Now, he’s on a team that’ll only be satisfied by a Cup. And,
he’s also makes a transition from playing in one of the league’s
smallest markets to its largest.

”I think it’s a little bit different for him,” Tortorella
said.

It’ll also be different for Roberto Luongo to be on the bench –
if he’s still with the Canucks when the season starts – while Cory
Schneider is in net. Schneider signed a three-year, $12 million
contract extension last summer while Luongo heard about trade
rumors.

Luongo lost his job after giving up seven goals over the first
two games of the playoffs, a 0-2 deficit Vancouver couldn’t
overcome after leading the NHL in points for a second straight
season.

The Canucks have a chance to do it three years in a row with a
stacked roster led by the Sedin twins, Henrik and Daniel, who
combined for 148 points last season.

Pittsburgh, though, probably has the best duo with the reigning
NHL MVP Evgeni Malkin and the return of Sidney Crosby.
Concussion-like symptoms limited Crosby to 22 games last season and
41 the previous regular season.

Crosby said he puts more pressure on himself than anyone else
could to win the Stanley Cup again after he helped the Penguins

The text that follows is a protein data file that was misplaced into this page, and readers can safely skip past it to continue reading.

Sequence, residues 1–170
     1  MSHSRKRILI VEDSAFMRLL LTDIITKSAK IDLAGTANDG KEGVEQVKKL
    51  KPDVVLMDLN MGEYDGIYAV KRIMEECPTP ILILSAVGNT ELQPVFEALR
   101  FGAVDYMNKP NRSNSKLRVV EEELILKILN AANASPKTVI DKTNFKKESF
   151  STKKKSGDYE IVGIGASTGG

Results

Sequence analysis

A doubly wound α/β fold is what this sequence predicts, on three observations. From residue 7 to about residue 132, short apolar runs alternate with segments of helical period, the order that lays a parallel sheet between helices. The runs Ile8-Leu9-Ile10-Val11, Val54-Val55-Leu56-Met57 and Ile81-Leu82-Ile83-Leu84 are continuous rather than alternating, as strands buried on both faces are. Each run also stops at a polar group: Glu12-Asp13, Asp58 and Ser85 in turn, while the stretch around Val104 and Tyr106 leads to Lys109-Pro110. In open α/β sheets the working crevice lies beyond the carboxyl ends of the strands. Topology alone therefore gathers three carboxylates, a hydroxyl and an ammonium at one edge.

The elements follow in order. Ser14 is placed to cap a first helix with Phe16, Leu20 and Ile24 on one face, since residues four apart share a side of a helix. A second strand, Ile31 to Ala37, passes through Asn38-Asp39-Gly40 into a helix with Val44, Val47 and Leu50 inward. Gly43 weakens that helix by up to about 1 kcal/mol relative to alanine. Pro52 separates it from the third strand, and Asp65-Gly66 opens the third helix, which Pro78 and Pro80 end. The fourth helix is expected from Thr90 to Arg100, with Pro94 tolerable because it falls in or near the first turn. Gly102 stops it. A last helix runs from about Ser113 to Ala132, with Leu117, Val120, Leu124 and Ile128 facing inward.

beat Detroit in a Stanley Cup finals rematch four years ago.

”I have high expectations and our team has high expectations,”
he said. ”I don’t think that ever really changes.”

Hopes changed in Chicago when the Blackhawks broke through and
reinvigorated their fan base with a Stanley Cup run in 2010 – the
franchise’s first title since 1961 – only to dash them with
consecutive first-round exits.

”After winning the Cup a couple of years ago, I think everyone
was on top of the world,” said Patrick Kane, who couldn’t match
the production he had during the championship season in the past
two years.

”You realize that two other teams have done it. It’s one of
those things where you want to get it back, but it’s a long road
ahead. It’s definitely a goal for the season to go as far as
possible and win it.”

And in Detroit, a Cup-or-best culture has been cultivated with
four Stanley Cups since 1997 and a postseason streak that last
lasted two-plus decades.

The Red Wings insist they’re still a championship contender
without Nicklas Lidstrom on the roster for the first time since the
1990-91 season.

The seven-time Norris Trophy winner retired last summer and
turned down a chance to come back for the 48-game season.

Brad Stuart left another void on the blue line when he was
traded to San Jose instead of leaving to sign with the Sharks in
free agency.

Henrik Zetterberg, the new captain, still likes his team’s
chances with talented teammates such as Pavel Datsyuk up front,
Niklas Kronwall on the back end and Jimmy Howard in net.

”We still have a good enough team to go all the way,”
Zetterberg said. ”But to win the Cup, you have to make the
playoffs. In the Western Conference, it’s hard to look at all the
good teams and say what teams aren’t going to make it. The last few
years, more and more contenders have been popping up and more and
more teams believe in themselves.”

AP Sports Writers Teresa Walker, Will Graves and Andrew Seligman
contributed to this report.

Follow Larry Lage on Twitter: http://twitter.com/larrylage